Shock therapy has been in the news and in the courts in recent years. A graduated electronic decelerator (GED) is a device that is hooked up to an individual and can send an electrical shock to that individual to modify or correct behavior. Usually, the individual is constantly hooked up to the device, as it is small enough to be mobile.
Some say the use of shock therapy is inhumane and barbaric. Opponents claim that the device could lead to abuse. Lasting mental trauma could result from repeated shocks from a GED. And some patients claim they were shocked for mild behaviors, such as cussing or standing up without permission. Others support the use of shock therapy, saying that it replaced even worse circumstances, such as continuous restraint or the use of a hockey mask to prevent certain behaviors. Supporters say that GEDs are used only in extreme cases to correct self-harming or violent behaviors. Finally, supporters claim that the GEDs reduces the need for psychotropic drugs in some cases.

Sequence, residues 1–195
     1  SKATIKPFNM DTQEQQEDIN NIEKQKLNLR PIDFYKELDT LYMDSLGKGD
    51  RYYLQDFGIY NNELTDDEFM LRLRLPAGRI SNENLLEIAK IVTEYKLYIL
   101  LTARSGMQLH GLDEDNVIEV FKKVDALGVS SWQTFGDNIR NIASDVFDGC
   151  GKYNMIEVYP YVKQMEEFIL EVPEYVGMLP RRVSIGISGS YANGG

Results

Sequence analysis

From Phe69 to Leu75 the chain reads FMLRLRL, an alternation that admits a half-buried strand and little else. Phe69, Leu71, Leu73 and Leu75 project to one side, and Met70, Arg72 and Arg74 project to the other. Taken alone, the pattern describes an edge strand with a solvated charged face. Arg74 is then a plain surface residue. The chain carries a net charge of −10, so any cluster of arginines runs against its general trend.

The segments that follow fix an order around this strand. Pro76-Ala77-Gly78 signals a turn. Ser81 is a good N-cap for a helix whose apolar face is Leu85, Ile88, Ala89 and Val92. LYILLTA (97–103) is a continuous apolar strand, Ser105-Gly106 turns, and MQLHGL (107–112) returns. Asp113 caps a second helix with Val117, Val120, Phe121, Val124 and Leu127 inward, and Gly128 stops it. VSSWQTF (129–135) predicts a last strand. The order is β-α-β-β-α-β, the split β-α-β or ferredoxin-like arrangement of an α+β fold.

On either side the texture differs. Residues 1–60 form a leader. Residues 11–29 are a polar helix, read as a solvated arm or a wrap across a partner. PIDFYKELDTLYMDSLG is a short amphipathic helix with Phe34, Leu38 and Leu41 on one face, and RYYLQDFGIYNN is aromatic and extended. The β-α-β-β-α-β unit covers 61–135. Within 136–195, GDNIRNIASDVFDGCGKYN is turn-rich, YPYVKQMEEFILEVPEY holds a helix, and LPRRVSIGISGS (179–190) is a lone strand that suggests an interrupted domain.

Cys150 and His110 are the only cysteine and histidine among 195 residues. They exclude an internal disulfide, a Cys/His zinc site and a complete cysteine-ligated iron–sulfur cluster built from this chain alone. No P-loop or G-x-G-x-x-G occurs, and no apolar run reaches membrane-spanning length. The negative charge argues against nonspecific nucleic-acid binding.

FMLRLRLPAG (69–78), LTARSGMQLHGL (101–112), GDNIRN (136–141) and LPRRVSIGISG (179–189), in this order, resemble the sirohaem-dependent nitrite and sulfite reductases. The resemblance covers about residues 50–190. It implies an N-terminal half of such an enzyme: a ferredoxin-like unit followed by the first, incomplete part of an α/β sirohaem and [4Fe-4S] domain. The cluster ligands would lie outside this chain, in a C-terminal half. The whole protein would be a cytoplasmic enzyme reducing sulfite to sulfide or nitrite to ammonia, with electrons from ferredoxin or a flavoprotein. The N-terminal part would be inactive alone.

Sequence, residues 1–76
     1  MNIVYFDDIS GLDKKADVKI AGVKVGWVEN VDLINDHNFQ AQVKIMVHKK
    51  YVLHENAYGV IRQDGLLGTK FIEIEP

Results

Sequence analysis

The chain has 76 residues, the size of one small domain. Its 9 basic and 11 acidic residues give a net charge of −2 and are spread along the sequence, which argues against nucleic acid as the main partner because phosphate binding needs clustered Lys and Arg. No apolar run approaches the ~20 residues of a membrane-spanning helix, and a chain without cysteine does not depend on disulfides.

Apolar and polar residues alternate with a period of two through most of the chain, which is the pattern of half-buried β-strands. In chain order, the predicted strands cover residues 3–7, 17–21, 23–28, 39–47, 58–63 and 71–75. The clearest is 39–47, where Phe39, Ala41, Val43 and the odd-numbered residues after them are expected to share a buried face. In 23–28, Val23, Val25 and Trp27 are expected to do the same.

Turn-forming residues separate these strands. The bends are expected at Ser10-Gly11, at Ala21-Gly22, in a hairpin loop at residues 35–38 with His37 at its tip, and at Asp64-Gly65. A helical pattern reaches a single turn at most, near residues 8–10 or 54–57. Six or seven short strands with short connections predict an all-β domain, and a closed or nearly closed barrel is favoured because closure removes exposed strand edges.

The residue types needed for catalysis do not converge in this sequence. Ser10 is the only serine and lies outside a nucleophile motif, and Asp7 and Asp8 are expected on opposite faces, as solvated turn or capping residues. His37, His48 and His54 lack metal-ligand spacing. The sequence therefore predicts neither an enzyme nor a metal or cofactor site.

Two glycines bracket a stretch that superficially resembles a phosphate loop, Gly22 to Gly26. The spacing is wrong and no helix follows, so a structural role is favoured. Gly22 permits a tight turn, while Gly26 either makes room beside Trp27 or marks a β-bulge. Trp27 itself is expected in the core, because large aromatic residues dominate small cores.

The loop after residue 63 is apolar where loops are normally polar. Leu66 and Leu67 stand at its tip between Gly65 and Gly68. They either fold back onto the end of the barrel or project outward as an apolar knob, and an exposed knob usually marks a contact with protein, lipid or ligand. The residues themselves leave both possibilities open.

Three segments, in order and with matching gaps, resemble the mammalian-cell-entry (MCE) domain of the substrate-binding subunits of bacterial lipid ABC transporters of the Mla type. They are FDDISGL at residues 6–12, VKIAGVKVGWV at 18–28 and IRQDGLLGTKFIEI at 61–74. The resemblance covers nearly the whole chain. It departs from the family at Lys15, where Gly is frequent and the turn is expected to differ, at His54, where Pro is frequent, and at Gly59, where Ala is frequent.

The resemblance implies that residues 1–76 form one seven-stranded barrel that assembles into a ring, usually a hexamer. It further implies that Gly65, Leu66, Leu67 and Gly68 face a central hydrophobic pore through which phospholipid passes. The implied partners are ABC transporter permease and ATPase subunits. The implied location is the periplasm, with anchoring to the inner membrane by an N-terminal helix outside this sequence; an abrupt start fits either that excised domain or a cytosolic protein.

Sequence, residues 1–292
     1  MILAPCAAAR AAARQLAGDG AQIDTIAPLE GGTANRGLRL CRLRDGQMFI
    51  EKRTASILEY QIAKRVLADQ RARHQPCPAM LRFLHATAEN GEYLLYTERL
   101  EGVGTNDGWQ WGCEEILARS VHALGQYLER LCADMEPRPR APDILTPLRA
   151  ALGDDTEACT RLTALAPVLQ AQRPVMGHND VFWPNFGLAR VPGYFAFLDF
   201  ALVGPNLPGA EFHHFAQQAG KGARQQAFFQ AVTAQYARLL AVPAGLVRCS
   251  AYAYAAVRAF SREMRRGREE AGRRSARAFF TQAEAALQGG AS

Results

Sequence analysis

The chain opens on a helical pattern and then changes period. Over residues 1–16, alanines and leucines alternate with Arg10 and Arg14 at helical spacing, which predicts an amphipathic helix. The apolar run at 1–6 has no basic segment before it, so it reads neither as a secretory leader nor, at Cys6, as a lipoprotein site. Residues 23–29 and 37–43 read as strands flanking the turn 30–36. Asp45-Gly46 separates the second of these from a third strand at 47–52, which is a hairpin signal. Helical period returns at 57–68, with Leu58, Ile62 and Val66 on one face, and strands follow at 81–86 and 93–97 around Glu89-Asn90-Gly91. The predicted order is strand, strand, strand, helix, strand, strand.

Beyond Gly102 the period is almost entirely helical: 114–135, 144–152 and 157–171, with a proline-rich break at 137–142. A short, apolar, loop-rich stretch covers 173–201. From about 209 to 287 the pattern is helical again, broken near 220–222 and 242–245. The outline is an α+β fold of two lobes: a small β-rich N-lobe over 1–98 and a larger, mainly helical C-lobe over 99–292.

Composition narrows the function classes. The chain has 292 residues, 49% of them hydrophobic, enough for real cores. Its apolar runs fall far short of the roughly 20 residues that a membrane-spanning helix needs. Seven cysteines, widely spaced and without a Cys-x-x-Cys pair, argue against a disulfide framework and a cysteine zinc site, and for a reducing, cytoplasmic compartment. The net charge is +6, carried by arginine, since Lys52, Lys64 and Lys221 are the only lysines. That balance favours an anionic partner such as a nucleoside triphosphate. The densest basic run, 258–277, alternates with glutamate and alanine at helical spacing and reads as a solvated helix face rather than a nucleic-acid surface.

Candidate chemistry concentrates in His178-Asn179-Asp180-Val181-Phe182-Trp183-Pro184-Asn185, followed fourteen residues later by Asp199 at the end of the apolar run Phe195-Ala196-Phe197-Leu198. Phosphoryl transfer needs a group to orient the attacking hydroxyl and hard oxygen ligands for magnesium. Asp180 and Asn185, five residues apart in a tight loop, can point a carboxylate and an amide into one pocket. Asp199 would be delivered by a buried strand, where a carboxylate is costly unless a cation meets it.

In 1979, the U.S. Food and Drug Administration (FDA) approved a form of shock treatment under which the GED fell. In 2016, the FDA changed their stance and starting looking into banning the GED, issuing a proposed rule that did just that. The ban officially came in March 2020.
The Judge Rotenberg Educational Center (Judge Center) is a facility in Massachusetts and the only facility nationwide where GED is used. In addition to FDA regulations on medical devices, Massachusetts also has regulations that pertain to the use of a GED. For example, multiple doctors must certify that there are no other effective treatments, there must be a peer review process, a human rights committee must sign off on the treatment, and a court must determine the treatment appropriate. After the 2020 FDA bank on the GED, Judge Center sued the FDA.
Earlier this month, the United States Court of Appeals for the District of Columbia issued their ruling in the case and struck down the FDA’s ban. Judge Center argued that the ban of a medical device is in effect regulating medicine and violated federal law. In the ruling, the court analyzed 21 U.S.C. § 360f and 21 U.S.C. § 396. The former authorizes the FDA to ban medical devices and latter disallows the FDA from regulating the practice of medicine. After an analysis of the applicable federal law, in a 2-1 opinion, the court struck down the FDA’s ban. Judge Center can resume the use of GEDs. Opponents and proponents alike are waiting to see what happens next.